U.S. Mint Sales of Gold Coins at Three-Year High on Price
Sales of gold coins by the U.S. Mint are heading for the highest level since December 2009 after prices in New York had the worst two-day slump in three decades.
As of yesterday, sales totaled 196,500 ounces, up from 62,000 ounces in March, data on the mint’s website show. The amount for all of December 2009 was 231,500 ounces.
Consumers from the U.S. to Australia joined shoppers from China and India to buy jewelry, coins and bars after futures slumped 13 percent in two days through April 15. Sales by the Perth Mint in Australia doubled and retail purchases across China tripled, the China Gold Association said. The U.S. Mint said April 23 it suspended sales of coins weighing a 10th of an ounce after demand more than doubled from a year earlier.
“The crash in prices has provoked huge new interest in physical bullion,” Miguel Perez-Santalla, a vice president at New York-based BullionVault, said in a phone interview. “Our business last week was 250 percent more than a week before.”
Gold futures on the Comex in New York climbed as much as 1.7 percent to $1,448.50 an ounce today, the highest level since April 15, and traded recently at $1,444.50. Prices are down 25 percent from the record $1,923.70 in September 2011.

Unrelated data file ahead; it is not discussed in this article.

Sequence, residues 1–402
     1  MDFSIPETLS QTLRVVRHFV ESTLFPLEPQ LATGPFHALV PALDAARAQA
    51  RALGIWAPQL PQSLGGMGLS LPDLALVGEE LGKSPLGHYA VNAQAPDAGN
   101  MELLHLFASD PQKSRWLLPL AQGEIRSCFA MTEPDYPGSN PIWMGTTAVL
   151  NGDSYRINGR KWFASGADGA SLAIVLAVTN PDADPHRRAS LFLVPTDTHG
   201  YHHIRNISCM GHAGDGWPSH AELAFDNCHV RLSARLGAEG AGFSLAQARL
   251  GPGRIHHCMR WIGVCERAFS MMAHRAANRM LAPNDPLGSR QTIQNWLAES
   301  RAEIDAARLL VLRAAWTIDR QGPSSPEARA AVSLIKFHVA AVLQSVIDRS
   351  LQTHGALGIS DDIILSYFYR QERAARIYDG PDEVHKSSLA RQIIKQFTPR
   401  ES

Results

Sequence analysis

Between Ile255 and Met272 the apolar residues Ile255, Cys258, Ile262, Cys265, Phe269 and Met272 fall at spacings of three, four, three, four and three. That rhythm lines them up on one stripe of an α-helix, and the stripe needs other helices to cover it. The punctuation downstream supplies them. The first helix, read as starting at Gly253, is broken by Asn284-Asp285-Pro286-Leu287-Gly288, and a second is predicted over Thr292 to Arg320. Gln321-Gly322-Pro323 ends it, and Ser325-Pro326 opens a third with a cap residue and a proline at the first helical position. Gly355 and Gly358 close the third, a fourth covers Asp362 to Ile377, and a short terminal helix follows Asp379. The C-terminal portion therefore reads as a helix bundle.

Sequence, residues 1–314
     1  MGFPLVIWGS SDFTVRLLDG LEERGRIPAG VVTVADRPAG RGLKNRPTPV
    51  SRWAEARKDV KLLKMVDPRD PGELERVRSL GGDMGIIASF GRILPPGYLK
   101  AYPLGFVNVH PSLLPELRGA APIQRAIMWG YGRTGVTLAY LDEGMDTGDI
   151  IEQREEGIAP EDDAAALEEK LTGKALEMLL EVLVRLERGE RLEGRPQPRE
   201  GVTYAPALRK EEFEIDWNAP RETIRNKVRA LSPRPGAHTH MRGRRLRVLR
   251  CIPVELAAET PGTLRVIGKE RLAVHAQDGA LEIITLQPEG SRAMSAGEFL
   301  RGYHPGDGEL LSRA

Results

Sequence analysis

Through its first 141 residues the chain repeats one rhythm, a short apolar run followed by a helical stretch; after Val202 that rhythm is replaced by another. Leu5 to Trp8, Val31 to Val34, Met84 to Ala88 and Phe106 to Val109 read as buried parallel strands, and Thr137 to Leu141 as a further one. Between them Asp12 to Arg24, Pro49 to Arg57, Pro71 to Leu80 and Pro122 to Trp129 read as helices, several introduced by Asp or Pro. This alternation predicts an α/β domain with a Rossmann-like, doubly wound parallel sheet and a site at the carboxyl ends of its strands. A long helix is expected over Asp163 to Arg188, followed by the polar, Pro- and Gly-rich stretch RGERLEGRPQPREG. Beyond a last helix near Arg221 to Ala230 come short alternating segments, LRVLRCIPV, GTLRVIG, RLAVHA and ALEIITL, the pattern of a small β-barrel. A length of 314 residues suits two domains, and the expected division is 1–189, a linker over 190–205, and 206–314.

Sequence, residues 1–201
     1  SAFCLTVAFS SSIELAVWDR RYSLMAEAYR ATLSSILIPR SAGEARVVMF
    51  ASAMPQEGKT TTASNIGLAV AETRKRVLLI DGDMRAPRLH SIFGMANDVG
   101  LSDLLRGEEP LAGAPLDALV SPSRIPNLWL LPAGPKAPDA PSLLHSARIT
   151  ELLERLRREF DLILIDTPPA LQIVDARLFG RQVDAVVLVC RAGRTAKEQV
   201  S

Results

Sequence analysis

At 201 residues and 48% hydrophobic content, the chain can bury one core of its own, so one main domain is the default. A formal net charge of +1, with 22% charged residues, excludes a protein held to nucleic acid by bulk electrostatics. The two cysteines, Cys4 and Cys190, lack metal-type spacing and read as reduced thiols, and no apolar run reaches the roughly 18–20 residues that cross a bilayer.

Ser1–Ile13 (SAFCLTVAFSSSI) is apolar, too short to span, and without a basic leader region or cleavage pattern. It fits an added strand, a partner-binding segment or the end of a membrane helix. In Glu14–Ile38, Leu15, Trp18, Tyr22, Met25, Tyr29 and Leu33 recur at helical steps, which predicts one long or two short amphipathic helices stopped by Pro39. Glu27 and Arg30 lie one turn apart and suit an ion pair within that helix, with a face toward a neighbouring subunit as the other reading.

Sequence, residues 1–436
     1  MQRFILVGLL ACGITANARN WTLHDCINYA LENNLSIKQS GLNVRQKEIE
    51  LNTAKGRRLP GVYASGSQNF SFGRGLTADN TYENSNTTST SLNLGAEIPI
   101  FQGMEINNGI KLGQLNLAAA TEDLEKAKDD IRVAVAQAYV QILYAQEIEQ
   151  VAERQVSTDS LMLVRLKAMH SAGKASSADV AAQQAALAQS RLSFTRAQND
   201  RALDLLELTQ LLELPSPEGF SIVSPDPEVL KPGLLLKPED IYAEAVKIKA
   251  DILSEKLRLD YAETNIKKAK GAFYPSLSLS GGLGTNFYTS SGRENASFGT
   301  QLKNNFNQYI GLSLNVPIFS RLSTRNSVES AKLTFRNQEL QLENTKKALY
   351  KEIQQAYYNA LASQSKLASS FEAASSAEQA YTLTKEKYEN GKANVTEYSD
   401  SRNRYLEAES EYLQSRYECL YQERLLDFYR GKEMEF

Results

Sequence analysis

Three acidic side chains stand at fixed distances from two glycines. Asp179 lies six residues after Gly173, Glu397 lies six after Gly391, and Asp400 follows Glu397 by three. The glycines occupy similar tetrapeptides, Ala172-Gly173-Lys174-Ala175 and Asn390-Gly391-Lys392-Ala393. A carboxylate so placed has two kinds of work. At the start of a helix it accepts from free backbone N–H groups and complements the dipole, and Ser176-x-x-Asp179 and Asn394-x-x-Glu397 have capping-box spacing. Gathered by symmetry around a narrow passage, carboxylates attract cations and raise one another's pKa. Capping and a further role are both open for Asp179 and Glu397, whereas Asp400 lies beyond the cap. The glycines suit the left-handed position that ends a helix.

The U.S. Mint sells 22-karat American Eagles of 1 ounce for $1,760 each on its website. A half-ounce coin costs $895, a quarter-ounce coin is $460 and one weighing a 10th of an ounce is $195. The cost for a 1-ounce coin can vary weekly, depending on the average price at the London “fixing,” used by some mining companies to sell output, the mint said on its website.
“The 1-ounce gold bullion coins are the most popular,” Michael White, a Mint spokesman, said yesterday.
Demand continues to be very strong for the Maple Leaf coins from the Canadian Mint, Chris Carkner, a managing director at the mint, said in an e-mailed response to questions from Bloomberg. “Demand has increased from all our markets, including North America, Europe and Asia,” he said.
The Perth Mint has seen an “enormous number of people” buying gold, Treasurer Nigel Moffatt said on Bloomberg Television April 19. There was interest from India, Thailand and particularly from China, he said.
UBS AG said on April 23 that physical-gold flows to India, the world’s biggest buyer, approached the highest since 2008, while Standard Chartered Plc said shipments last week were 20 percent above the previous record.
Volumes of gold products sold jumped 150 percent in Hong Kong and Macau during the April 13 weekend compared with the weekend before, Dennis Lau, director of sales operations at Chow Sang Sang Holdings International Ltd. (116), said last week. Retail sales tripled across China on April 15-16, the China Gold Association reported.
Japanese consumers are poised to become net buyers of gold for the first time in eight years as the yen’s decline and looming inflation drive them to seek refuge in bullion, according to Standard Bank Plc.
Source: Bloomberg Email